Rob Henken, president of the Wisconsin Policy Forum, says MCP’s departure will cause an about $4 million loss for MPS.
“Generally speaking, losing 2,000 students is not a good thing for the district,” he says. "That said, in a billion dollar budget, the loss of $4 million — that perspective has to be taken into account as well."
Henken says some argue that MPS is working against its own interests by contracting with independently-run charter schools, because the students might otherwise choose to attend traditional MPS schools.
“That’s the real big caveat here, is whether charter schools are a way of keeping children under the district umbrella who otherwise would not be under the umbrella,” Henken says. “Or instead whether they are providing another option that some would deem disadvantageous for the district as a whole.”
At least five members of the MPS Board have expressed skepticism or outright opposition to the concept of independent charter schools. In December and January, in an attempt to increase accountability of charter schools, the board upset three of its charter partners by granting them three-year contract renewals.
Milwaukee Excellence, Carmen, and La Causa all met performance standards outlined in their contracts and were recommended by a charter review team for five-year contract renewals.
The move blindsided Milwaukee Excellence CEO Maurice Thomas.
“That was a shock for us,” says Thomas. “I’d be lying if I didn’t say that I was hurt by what took place.”
Now the board is walking back its decision after prompting from outgoing member Tony Baez.
“We gave the Superintendent 'guidance' and that he needed to renegotiate contracts to all MPS instrumentality and non-instrumentality charters so that a 5, 3, 1 year approach is followed,” Baez said in an email to WUWM. “And that high performing charters receive 5 years when they outperformed the typical traditional MPS schools. It is, in my estimation, important to recognize their accomplishment, draw and emulate their successful strategies, and treat them with the respect they owe.”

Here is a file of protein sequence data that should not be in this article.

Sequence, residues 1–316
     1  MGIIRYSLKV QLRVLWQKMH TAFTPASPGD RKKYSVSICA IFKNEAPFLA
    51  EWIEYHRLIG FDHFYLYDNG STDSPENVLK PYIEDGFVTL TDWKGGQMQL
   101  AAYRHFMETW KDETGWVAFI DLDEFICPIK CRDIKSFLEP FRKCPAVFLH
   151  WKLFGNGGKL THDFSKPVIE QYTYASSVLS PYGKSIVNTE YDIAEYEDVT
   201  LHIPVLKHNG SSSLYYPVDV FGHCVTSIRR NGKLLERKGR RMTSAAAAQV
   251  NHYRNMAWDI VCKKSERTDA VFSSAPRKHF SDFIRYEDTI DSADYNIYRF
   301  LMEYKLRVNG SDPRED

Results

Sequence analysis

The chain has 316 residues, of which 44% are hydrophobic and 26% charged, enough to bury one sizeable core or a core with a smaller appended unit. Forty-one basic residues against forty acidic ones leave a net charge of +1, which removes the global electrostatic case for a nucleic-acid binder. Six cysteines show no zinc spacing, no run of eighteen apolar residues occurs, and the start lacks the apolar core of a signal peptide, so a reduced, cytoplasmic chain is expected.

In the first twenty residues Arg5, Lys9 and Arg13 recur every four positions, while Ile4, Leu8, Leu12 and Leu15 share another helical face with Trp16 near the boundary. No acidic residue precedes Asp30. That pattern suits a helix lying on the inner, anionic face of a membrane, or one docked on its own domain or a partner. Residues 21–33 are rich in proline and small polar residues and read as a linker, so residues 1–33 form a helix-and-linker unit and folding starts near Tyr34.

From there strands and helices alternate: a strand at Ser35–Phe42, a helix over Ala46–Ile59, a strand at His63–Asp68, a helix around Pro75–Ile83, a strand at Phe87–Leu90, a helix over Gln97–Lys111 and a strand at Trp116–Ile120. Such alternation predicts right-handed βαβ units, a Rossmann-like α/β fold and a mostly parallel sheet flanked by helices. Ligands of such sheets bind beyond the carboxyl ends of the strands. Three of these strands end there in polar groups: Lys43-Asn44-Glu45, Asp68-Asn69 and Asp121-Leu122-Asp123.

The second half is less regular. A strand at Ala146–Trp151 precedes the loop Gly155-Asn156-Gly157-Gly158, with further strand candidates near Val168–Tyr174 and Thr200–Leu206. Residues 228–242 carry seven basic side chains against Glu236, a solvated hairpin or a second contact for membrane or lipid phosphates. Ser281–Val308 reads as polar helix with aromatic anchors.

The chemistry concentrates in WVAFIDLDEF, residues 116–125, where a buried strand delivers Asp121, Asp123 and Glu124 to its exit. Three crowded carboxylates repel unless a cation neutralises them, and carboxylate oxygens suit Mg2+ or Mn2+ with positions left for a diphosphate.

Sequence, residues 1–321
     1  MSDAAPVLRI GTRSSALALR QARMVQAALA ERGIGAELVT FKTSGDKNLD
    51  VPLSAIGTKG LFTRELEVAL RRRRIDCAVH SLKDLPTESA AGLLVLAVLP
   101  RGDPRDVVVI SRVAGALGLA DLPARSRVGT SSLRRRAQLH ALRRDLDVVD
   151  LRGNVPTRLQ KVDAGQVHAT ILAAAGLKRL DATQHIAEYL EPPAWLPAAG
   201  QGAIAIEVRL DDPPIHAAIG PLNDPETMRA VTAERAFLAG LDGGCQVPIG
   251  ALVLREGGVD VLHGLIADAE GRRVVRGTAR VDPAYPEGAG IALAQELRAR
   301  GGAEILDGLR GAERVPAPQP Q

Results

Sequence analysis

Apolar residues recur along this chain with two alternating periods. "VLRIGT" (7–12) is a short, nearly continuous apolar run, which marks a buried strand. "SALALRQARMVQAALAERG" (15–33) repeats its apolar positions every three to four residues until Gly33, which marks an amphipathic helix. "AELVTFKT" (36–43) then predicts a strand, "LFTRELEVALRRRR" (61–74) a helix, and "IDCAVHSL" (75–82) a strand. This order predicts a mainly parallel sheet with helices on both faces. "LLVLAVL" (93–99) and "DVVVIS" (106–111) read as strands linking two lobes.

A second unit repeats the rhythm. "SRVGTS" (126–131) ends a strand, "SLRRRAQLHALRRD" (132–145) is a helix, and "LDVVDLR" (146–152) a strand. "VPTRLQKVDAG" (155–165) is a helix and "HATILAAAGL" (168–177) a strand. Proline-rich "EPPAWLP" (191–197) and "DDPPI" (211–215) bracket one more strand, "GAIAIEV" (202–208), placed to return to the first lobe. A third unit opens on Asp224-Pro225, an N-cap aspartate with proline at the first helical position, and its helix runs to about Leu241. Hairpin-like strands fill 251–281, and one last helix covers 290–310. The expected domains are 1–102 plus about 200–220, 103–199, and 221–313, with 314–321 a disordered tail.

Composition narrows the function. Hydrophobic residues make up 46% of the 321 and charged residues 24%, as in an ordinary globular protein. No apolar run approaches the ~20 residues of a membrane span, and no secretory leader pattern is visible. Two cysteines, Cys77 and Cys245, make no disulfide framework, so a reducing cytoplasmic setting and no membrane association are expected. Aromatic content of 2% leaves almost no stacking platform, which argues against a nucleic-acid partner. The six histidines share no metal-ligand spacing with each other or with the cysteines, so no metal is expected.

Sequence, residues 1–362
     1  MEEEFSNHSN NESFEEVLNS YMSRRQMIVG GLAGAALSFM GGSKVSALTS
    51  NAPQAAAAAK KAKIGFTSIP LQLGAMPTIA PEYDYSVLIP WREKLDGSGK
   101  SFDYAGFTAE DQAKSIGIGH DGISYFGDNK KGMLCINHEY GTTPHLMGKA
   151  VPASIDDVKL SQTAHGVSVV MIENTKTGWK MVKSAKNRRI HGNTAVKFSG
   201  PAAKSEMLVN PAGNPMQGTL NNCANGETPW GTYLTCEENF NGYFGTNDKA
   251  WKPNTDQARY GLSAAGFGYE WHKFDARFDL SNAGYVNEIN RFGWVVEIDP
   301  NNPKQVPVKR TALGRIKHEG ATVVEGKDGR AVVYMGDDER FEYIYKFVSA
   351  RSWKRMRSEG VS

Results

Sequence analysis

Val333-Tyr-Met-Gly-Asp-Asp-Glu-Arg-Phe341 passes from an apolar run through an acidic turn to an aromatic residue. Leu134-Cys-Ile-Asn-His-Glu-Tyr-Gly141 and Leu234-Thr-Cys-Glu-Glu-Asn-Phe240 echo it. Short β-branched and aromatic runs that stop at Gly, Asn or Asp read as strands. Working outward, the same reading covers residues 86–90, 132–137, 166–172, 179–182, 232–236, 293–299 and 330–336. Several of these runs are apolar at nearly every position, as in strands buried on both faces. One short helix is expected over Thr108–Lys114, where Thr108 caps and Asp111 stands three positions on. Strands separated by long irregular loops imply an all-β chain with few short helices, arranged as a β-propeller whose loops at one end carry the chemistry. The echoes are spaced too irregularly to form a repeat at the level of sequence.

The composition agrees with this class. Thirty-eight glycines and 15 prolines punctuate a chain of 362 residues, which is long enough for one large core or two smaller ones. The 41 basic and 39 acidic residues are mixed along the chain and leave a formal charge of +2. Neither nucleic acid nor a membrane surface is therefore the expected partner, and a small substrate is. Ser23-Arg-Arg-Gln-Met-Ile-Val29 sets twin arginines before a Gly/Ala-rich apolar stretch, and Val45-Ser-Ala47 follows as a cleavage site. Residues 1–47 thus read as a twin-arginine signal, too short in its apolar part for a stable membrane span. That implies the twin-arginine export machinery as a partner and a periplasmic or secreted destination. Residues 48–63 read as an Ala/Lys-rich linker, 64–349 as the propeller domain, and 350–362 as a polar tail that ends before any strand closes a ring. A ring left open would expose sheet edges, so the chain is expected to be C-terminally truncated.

Milwaukee Excellence plans to stick with MPS despite the drama. The charter school relies on MPS for facilities, but Thomas says it’s about more than that.
“I truly believe that if you want to make large systemic change, you have to be in the mix,” Thomas says. “And there are [some 70,000] students that are part of MPS, including our students here in Milwaukee Excellence. And so that connection allows me to have connections with 200 school leaders, 200 schools. And so I don’t see the work we do in a silo.”
But there is a question of whether other charter schools will leave MPS in the future because of the district’s frosty treatment. Patricia Hoben is founder and former leader of the Carmen charter network. She now leads educational nonprofit City Forward Collective.
“At this point, the future for charter schools under the MPS umbrella depends on whether the board wants to see its schools as a family of schools that provide the best possible options for families in the city, or a school system competing with schools under its own umbrella,” Hoben says.
WUWM reached out to current MPS Board members and administration for this story, but no one agreed to an interview. MPS also did not answer written questions.